It's early days yet, but the farce surrounding the 'debt ceiling' debate and a clear crisis of governance in USA have some inevitable consequences that bode well for the rest of the world (especially for Iran and BRICS), but not for the US, especially not in the medium term.
For a start, it is hard to refute a strong suspicion of rampant racism among Republicans. Racism in itself is not surprising or unexpected, particularly from the likes of McCain, Palin, Romney and Tea Party members.
What is surprising is their willingness to sacrifice the well being of all Americans in order to hurt a black president.
This extremist tendency is also evident in some Republicans' determination to crush 'big government' without a clear agenda on what their libertarian alternative might be.
Worse still, their determination is not bound by any democratic principles as they have clearly shown that being in a minority (in terms of popular vote count or public opinion) does not hold them back from a willingness to crash the whole economic system.
In fact, their tactics are Mafioso in style and involve blackmail and extortion.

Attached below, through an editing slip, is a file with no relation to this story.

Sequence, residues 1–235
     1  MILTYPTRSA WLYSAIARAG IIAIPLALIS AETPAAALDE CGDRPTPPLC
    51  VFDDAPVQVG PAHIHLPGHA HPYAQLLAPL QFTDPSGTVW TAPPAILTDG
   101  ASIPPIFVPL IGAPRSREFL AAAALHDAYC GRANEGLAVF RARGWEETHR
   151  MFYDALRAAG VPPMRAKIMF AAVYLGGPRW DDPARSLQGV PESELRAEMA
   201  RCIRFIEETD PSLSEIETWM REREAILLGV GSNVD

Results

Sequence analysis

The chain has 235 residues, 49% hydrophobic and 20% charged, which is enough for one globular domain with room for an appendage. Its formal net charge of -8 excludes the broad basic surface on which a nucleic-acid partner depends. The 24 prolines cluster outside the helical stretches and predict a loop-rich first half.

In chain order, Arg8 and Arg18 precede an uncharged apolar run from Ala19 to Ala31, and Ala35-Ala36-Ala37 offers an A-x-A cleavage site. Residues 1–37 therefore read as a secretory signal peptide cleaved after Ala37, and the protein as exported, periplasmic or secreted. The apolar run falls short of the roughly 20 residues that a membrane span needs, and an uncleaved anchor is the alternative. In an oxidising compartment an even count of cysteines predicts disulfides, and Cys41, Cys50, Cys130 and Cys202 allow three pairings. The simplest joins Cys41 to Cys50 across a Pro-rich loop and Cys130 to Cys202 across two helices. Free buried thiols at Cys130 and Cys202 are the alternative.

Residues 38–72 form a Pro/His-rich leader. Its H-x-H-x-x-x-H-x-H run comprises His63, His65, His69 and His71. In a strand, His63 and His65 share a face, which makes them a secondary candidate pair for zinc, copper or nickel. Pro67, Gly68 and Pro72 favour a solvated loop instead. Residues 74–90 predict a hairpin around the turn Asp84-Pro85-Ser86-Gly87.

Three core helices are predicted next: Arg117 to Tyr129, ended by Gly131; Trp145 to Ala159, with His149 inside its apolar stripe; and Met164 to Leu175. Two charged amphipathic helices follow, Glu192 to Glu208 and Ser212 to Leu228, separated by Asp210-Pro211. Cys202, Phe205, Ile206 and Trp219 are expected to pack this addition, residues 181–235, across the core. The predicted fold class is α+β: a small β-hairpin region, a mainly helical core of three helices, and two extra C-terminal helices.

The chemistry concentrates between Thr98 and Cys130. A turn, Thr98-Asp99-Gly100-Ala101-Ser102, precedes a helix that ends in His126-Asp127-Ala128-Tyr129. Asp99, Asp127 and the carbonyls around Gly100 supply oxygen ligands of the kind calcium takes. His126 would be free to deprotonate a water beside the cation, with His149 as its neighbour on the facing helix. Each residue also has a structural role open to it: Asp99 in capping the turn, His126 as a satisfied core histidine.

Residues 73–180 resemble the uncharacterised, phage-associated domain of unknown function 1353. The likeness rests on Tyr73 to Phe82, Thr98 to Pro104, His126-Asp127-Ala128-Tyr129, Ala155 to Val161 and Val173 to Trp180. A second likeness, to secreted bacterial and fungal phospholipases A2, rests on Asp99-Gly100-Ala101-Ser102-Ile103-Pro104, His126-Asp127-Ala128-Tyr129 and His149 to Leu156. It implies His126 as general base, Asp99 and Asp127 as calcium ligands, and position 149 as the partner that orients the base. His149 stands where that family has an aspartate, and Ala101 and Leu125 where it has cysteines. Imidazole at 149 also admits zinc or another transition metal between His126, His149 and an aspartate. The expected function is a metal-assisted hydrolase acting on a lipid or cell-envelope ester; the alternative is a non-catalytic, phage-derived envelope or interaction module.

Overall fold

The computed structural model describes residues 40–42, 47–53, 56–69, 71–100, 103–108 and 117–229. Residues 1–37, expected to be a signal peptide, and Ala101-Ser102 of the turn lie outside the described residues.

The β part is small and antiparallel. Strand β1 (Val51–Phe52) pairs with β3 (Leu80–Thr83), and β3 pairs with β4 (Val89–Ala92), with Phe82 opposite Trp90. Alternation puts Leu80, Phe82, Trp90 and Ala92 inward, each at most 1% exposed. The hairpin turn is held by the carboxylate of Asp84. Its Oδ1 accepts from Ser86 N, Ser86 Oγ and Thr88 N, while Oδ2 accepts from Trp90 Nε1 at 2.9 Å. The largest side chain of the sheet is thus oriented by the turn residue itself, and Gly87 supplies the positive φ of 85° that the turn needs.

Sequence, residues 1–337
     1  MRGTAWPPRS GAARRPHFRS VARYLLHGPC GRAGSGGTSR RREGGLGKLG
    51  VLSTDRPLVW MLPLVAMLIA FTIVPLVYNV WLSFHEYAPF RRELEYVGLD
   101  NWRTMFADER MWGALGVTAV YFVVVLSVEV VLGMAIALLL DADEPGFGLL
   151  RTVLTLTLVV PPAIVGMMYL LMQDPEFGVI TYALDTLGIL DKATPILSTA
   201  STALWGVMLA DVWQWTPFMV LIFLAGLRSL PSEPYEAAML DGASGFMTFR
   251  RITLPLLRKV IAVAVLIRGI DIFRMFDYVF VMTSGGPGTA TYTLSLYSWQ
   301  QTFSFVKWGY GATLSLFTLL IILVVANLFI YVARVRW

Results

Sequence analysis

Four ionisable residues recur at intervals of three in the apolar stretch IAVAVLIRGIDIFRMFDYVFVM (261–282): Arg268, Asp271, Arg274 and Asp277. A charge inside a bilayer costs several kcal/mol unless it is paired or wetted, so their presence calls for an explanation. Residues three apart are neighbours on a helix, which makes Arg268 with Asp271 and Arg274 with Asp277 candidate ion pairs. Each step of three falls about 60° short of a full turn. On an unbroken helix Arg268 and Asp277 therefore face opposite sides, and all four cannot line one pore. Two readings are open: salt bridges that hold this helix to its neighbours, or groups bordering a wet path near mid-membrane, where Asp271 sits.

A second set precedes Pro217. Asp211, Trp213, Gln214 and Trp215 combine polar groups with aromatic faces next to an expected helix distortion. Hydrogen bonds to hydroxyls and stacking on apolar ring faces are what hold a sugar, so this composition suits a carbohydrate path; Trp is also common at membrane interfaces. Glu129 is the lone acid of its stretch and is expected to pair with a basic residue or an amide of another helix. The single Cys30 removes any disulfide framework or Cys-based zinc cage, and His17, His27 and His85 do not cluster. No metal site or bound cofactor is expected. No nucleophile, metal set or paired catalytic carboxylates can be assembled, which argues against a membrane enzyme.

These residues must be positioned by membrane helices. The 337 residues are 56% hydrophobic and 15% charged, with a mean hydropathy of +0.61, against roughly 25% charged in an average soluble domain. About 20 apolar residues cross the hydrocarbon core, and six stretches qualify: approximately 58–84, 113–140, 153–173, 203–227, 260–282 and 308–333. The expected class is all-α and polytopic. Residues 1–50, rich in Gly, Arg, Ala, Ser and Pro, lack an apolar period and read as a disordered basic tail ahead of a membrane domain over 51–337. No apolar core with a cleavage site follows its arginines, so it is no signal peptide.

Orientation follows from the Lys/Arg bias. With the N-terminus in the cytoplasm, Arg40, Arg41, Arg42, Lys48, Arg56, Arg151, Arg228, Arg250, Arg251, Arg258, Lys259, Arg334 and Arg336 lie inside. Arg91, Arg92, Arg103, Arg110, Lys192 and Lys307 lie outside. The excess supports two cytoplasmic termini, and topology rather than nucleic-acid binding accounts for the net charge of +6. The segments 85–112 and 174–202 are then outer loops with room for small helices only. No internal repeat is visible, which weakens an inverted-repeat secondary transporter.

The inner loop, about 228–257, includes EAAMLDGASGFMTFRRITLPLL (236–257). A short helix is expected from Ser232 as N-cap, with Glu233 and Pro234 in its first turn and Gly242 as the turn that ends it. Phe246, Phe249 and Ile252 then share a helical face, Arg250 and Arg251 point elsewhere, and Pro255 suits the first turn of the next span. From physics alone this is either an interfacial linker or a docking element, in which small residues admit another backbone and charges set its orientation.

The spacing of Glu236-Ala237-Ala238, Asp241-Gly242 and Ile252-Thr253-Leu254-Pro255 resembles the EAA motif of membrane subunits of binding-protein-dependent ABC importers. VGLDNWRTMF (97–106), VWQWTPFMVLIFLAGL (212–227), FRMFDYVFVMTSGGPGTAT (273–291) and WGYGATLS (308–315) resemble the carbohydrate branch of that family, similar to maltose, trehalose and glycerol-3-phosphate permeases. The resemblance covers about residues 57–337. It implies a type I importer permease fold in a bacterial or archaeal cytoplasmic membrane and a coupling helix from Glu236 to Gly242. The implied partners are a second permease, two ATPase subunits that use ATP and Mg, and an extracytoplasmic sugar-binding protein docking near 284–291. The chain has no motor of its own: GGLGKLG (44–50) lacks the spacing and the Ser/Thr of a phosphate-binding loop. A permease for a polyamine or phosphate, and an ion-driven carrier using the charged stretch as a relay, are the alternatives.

Such extremist idealists are in a position to cause serious hurt to the world economy, and this is a matter that the rest of the world cannot take lightly.
The prime problem for the world is the dollar.
In absolute terms, USA is the world's most indebted nation by a huge margin. Its current budget farce is about the extent to which its debt ceiling should be raised and for how long.
It is not about how the debt will be repaid. That option apparently is not even on the table.
And the 'solution' announced today only covers the next 3 months, after which they are back to square 1.
How can the currency of the world's most highly indebted nation with such inept management remain the reserve currency of other countries and the currency for international trade for much longer?
Well, the dollar isn't what it used to be. Many countries have been lowering their dollar liabilities quietly since year 2008.
Reuters today claims:
"The political dysfunction has worried U.S. allies and creditors such as China, the biggest foreign holder of U.S. debt, and raised questions about the impact on America's prestige. The Treasury has said it risks hurting the country's reputation as a safe haven and stable financial center."
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